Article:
I know that event with zero probability is independent of any other (because $P(A\cap B)=P(A)\cdot P(B)$). I've got mixed feelings about this. Consider disjoint events $A$ and $B$, where $P(A)=0$. Isn't it weird to say that $A$ and $B$ are independent? It seems to me that it's just as natural to call them "dependent" (since they are disjoint) as to call them "independent" (since $P(A|B)=P(A)$, assuming that $P(B)>0$). I guess my questions are:

  1. Is there any intuition/motivation on this?
  2. In other words why do we do it that way? Why not just stick to a definition by conditional probability instead of the product one and leave zero probability events out of the dependence business?
  • 1
    $\begingroup$ Think of something with $0$ probability, something that will never happen. For example consider the probability that $3=5$. If anything anywhere happens $5=3$ is still false no matter what. So, the outcome of any event doesn't change the chance of the event with $0$ probability happening. That's why they're "independent" to each other. $\endgroup$ – Anthony Ter May 11 '19 at 6:46
  • $\begingroup$ @AnthonyTer Thank you. That seems fair but actually i have problems the other way around. Consider geometric probability on $[0,1]$ and let $A=\{\frac{1}{2}\}$, $B=[\frac{2}{3},1]$. Suppose that $A$ happens. It changes probability of $B$ happening drastically. $\endgroup$ – snak May 11 '19 at 9:55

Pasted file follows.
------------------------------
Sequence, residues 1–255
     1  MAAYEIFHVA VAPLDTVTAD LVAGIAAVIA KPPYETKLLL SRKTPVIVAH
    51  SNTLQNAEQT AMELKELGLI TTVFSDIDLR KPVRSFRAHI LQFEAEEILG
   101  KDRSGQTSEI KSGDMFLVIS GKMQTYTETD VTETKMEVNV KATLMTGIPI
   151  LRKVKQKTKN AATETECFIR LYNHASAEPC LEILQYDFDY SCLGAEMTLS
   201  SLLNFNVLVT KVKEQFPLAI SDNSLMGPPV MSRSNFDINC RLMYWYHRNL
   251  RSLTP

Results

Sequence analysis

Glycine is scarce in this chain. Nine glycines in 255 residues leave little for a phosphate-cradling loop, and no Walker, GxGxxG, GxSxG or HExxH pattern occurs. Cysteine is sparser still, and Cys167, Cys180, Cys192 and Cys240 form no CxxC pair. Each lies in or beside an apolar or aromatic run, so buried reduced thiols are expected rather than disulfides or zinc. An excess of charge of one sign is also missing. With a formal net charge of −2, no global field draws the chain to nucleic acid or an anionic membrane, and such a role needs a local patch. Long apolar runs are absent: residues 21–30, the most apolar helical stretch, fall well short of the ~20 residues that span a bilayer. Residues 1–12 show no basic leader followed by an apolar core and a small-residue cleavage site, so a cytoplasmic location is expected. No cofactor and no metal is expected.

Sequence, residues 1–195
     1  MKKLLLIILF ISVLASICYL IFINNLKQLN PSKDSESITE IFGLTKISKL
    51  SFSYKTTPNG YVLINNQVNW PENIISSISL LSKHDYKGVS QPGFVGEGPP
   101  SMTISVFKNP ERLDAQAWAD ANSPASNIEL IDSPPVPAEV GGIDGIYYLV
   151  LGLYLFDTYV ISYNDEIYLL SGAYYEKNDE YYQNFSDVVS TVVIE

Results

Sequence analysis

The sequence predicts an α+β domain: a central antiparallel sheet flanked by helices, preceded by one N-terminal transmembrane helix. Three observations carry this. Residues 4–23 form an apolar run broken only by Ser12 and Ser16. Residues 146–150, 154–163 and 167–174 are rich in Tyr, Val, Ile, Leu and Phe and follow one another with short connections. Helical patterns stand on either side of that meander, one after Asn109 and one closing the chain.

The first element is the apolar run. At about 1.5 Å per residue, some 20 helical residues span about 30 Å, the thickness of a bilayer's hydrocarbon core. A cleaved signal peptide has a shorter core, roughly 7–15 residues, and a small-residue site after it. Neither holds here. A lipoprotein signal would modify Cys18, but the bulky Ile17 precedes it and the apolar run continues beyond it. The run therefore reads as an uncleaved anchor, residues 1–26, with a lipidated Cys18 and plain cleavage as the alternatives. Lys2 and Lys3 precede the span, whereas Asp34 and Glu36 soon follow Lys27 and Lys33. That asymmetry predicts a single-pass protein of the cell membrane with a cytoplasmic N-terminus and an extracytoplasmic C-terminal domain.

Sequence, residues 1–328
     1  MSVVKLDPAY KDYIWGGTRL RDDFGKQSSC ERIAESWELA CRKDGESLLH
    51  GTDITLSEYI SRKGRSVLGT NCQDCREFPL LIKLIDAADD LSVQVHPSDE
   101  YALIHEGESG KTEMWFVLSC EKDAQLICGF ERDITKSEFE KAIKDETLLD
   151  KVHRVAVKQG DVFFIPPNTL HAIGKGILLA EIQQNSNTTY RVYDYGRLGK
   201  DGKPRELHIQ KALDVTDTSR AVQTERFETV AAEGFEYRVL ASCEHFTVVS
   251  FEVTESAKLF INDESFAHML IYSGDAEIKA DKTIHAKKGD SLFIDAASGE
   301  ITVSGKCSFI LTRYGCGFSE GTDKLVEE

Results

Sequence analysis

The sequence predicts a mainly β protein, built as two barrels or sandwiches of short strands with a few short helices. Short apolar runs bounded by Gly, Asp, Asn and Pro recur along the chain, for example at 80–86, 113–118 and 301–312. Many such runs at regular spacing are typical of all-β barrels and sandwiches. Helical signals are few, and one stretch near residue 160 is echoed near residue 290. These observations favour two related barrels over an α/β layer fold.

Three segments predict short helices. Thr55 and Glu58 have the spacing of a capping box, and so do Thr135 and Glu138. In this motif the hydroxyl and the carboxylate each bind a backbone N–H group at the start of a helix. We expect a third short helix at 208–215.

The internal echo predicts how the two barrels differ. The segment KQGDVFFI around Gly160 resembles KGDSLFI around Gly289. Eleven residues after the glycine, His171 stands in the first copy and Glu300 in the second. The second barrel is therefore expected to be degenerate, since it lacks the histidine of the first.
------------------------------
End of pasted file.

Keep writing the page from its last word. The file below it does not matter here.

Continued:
• $\begingroup$ @snak Going from $0$ to $0$ is not "changing drastically." We have to accept that "probability 0" does not coincide with "intuitively impossible" in order to work with infinite sample spaces at all. $\endgroup$ – Ned May 11 '19 at 10:23
  • $\begingroup$ @Ned Thank you; i'd say it changes from $\frac{1}{3}$ to $0$ though. Am i missing something? $\endgroup$ – snak May 14 '19 at 10:03
  • $\begingroup$ But A "can not happen" in the sense of probability measure. You can't always apply finite intuitions to infinite settings without intuitive conundrums, just like with infinite cardinalities. I had missed what you meant by the interval [2/3,1], but in any case, to make sense of all this you must accept that you can't condition on an event of probability 0 -- probability measures can't distinguish probability 0 from the empty event. $\endgroup$ – Ned May 14 '19 at 10:43

Your Answer

By clicking “Post Your Answer”, you agree to our terms of service, privacy policy and cookie policy

Browse other questions tagged or ask your own question.